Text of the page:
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Following the successful development of SPATS-HI for hearing-impaired listeners, it was recognized that similar software might be useful for the assessment and training of persons learning English as a second language (ESL students). ESL students often persist in attending to dimensions of spoken English that distinguish the sounds of their native language, but which may be much less useful for the identification of English speech sounds.  And even when attending to appropriate dimensions, these students may have inappropriately placed category boundaries.  Therefore, a version of the training system was developed for the ESL population.  There are now two distinct versions of SPATS, one that has been refined for use with hearing impaired persons, (SPATS-HI) and a second system that has been adapted for students of English as a second language (SPATS-ESL).  

The Importance of Perceptual Training for ESL Students

ESL students who have excellent reading and writing skills in English often continue to have great difficulty in understanding conversational speech by a native speaker.  Failure to understand English at normal conversational rates is, in a sense, the hidden language disability of a great many non-native speakers.  A non-native speaker of English may have very obvious problems with pronunciation, but the fact that they often do not understand what is said to them may be disguised by their smiling and nodding in response.  Only when an experiment is run incorrectly, a financial transaction mis-routed, or the wrong medication administered, does it become obvious that their perception of English may be an even more serious problem than their pronunciation.  It is also worth noting that as perception of the sounds of English becomes more accurate, it is very likely that improved pronunciation will be an additional consequence. One reason for this is that certain speech sounds, such as the l-r distinction (as between “lace” and “race”) for native speakers of Japanese, cannot be identified correctly.   But there is nothing wrong with the listener’s auditory system; they simply have not learned to listen correctly.  Considerable research has shown, however that ESL students can learn to hear differences, like those between /l/ and /r/ (for native speakers of Japanese, Chinese or Korean), that were previously inaudible to them.  Trials of SPATS with ESL students at Indiana University have shown that within approximately 20-30 hours of SPATS combined training on the syllable constituents of English (onsets, nuclei and codas) and recognition of English sentences, most ESL students approach the recognition accuracy of native speakers for these fundamental speech sounds.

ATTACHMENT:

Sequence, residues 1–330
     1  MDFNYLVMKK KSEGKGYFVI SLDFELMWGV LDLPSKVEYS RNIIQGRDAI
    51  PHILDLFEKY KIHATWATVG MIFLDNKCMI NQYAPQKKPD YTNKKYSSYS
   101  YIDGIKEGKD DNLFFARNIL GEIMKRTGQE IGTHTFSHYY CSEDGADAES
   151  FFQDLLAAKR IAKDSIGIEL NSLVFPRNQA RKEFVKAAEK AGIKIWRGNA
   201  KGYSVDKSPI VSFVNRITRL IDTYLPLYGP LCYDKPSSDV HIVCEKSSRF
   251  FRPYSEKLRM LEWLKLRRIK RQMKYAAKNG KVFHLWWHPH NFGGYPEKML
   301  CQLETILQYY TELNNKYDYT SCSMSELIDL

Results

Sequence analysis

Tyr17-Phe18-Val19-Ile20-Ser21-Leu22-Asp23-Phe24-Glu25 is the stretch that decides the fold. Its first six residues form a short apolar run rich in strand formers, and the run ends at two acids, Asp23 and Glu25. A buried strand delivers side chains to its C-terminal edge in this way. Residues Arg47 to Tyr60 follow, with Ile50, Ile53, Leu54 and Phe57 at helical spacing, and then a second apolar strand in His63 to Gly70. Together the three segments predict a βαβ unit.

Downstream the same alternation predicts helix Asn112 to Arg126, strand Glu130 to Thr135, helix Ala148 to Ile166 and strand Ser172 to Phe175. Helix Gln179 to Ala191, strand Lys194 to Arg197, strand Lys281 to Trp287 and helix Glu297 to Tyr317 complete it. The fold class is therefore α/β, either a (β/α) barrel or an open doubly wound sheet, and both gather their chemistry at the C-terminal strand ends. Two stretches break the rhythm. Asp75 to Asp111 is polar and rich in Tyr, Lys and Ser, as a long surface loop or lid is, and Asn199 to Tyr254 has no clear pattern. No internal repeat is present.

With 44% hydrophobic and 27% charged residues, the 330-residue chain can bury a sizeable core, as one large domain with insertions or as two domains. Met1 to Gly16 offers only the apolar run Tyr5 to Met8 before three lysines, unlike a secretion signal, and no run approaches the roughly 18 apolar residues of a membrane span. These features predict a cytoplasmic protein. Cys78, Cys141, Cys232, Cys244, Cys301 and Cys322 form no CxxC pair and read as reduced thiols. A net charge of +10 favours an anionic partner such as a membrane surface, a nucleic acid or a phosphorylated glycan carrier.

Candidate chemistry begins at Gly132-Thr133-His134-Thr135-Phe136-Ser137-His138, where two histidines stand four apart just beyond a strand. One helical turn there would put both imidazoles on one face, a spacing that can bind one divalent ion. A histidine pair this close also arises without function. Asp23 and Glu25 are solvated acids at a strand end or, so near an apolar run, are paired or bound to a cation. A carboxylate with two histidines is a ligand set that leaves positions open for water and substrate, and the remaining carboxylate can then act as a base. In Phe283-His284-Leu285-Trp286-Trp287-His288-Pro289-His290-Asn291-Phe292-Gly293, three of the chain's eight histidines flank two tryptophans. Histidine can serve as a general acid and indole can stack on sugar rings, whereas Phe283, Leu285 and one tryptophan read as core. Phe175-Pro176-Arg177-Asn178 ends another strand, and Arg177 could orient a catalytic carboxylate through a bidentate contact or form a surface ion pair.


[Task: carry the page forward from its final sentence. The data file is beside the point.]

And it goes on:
Distribution of SPATS-ESL